Song: ‘I Wanna Go’
Artist: Britney Spears
US chart peak: 7
Release date: June 13, 2011
Writers: Max Martin, Savan Kotecha, Shellback
Producers: Max Martin, Shellback
Quintessential Max moment: The whistle hook or “…Lably, lably, lably”
Video synopsis: Britney, dressed as Avril Lavigne, causes havoc in a paparazzi-bashing daydream
In some ways, ‘I Wanna Go’ – the third single from Britney’s consistently very good ‘Femme Fatale’ album – can be read as the sequel to ‘Blackout’’s ’Piece Of Me’. Whilst not as overt in its criticisms of the way the general public and the media treat her, ‘I Wanna Go’, along with its knowing video, make sly digs at people’s expectations. One key line is “Shame on me, to need release”, which not only speaks to the way women’s sexuality is treated generally, but also specifically about how Britney’s own virginity at the start of her career was used as a way to mock her as she grew into womanhood. Why shouldn’t she let her freak out? Or let out all the dirt she’s got running through her mind? Even the line “Lately, people got me all tied up, there’s a countdown waiting for me to erupt” could be read in relation to the public’s thirst for her expected breakdown. It could also just be about sex too, but there we are.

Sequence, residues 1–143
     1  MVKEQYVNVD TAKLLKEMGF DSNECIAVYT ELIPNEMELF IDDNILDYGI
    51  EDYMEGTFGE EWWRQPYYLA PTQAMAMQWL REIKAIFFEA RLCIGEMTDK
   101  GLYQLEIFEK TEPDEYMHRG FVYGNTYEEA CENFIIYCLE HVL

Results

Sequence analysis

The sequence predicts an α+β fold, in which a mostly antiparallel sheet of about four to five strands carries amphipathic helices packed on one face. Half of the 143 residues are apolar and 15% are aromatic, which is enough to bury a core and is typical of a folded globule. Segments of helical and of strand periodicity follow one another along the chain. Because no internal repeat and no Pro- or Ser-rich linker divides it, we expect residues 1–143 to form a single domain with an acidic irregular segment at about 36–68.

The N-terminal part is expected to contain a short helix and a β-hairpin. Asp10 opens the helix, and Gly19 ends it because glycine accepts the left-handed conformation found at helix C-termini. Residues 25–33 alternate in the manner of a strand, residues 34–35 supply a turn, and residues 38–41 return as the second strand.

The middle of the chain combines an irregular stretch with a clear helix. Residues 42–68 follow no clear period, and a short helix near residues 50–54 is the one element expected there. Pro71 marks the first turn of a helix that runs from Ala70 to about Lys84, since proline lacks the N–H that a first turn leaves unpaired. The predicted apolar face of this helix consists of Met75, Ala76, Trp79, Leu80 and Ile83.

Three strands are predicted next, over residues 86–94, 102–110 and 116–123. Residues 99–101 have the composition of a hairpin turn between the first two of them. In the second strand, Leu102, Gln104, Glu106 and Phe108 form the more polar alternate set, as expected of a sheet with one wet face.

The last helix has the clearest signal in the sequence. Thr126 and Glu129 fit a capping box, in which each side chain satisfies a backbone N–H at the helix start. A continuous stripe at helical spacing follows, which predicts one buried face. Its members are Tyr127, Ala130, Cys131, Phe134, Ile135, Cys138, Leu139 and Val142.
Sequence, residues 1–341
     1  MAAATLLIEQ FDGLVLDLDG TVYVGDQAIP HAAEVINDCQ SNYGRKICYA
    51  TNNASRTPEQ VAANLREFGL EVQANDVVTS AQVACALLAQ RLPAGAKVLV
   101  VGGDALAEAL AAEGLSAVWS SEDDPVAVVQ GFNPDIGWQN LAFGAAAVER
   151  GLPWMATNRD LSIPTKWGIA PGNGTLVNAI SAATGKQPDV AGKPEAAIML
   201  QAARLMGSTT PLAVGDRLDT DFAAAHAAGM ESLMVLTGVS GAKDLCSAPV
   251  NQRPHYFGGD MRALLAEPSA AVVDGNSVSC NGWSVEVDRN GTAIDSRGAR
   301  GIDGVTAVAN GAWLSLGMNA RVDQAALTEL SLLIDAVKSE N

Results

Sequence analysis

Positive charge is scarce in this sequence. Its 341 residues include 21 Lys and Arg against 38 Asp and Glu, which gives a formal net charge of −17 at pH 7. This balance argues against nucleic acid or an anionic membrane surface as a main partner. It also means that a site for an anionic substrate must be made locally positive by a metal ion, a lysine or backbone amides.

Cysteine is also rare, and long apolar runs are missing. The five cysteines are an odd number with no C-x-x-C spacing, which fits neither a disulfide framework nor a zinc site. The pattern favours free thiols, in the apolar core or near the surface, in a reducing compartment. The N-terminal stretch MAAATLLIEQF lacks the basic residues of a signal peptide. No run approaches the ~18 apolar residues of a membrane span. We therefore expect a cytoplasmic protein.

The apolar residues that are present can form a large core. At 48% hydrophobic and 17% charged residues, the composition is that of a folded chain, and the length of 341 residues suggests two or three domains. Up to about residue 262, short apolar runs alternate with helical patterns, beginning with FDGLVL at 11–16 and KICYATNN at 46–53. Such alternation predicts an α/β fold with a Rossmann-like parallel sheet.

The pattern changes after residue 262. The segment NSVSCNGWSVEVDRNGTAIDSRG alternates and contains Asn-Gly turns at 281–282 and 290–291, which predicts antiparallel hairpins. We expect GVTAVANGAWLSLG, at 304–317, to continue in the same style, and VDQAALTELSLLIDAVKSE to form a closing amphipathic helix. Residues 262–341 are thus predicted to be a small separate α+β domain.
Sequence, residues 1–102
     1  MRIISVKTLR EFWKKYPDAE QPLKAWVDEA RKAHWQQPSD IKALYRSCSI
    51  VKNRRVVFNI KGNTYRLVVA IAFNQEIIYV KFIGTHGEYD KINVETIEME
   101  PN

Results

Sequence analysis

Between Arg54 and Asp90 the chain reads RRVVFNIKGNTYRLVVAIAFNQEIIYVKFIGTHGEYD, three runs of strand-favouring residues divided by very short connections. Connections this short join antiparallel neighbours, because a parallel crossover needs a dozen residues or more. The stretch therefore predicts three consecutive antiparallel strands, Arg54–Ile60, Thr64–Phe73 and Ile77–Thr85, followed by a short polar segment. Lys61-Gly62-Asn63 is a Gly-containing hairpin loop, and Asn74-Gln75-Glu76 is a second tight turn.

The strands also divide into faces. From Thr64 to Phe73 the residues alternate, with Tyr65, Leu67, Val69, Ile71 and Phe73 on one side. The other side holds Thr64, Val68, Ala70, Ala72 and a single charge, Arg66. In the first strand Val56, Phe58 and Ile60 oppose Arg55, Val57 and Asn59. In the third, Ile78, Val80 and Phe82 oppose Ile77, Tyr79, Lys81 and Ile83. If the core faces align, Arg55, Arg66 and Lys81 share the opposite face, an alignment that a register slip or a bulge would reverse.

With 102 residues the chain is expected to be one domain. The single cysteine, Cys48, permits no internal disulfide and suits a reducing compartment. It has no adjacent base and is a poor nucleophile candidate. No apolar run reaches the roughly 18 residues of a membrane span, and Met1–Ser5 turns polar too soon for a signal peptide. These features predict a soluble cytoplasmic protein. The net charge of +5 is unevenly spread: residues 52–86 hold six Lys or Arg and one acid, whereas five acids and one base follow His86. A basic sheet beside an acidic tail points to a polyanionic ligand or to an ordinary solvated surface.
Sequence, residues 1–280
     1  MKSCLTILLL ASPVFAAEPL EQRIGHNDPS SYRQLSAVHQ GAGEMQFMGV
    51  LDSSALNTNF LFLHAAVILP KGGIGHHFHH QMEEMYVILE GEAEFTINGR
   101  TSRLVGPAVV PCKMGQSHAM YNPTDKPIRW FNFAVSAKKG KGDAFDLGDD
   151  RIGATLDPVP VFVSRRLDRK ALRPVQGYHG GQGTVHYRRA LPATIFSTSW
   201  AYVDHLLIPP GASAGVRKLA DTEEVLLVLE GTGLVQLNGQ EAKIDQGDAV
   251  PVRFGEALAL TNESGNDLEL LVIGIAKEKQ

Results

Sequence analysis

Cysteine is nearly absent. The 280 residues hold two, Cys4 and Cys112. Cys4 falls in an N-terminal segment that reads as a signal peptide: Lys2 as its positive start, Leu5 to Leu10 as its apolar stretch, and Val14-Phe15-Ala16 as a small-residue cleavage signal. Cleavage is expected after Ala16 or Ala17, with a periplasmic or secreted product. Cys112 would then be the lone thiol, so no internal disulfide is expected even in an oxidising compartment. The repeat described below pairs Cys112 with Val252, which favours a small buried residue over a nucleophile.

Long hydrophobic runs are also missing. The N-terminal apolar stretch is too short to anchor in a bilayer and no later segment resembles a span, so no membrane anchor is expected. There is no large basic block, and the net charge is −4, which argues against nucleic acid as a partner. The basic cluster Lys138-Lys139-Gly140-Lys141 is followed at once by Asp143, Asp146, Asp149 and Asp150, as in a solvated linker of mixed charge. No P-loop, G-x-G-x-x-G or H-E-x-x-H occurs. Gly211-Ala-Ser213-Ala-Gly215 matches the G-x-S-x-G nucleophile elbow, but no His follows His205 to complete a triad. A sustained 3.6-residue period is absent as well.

Obviously I’m aware Britney didn’t write the song – it was actually originally registered in 2009 as ‘I I I WANNA GO O O’ (amazing) – but as a subject she often brought out the best in Max and his collaborators. In fact, here’s a nice quote from Britney about their working relationship: “His melodies are incredible and he is always coming up with weird sounds, which I love. The whistle on ‘I Wanna Go’ still gets me every time I hear it. Who would have thought of that? There is nobody I feel more comfortable collaborating with in the studio.” Ah, that’s sweet.
The video makes the song’s statements about running away from the life she’d found herself in more explicit. Taking place in a daydream, Britney is able to “be a little inappropriate”, which involves flashing a policeman, stealing his handcuffs, groping a fan and attacking robot paparazzi with a microphone. In the end she’s rescued by actor Guillermo Díaz who drives her off in a convertible before dousing himself in milk (!). It’s at this point Britney realises he too is a robot and can’t be trusted, which says a lot about her trust issues when even the subjects of her daydreams are duplicitous.
I haven’t even mentioned the song’s best moment, which is obviously the whistle riff! Well I have now…It’s great, basically.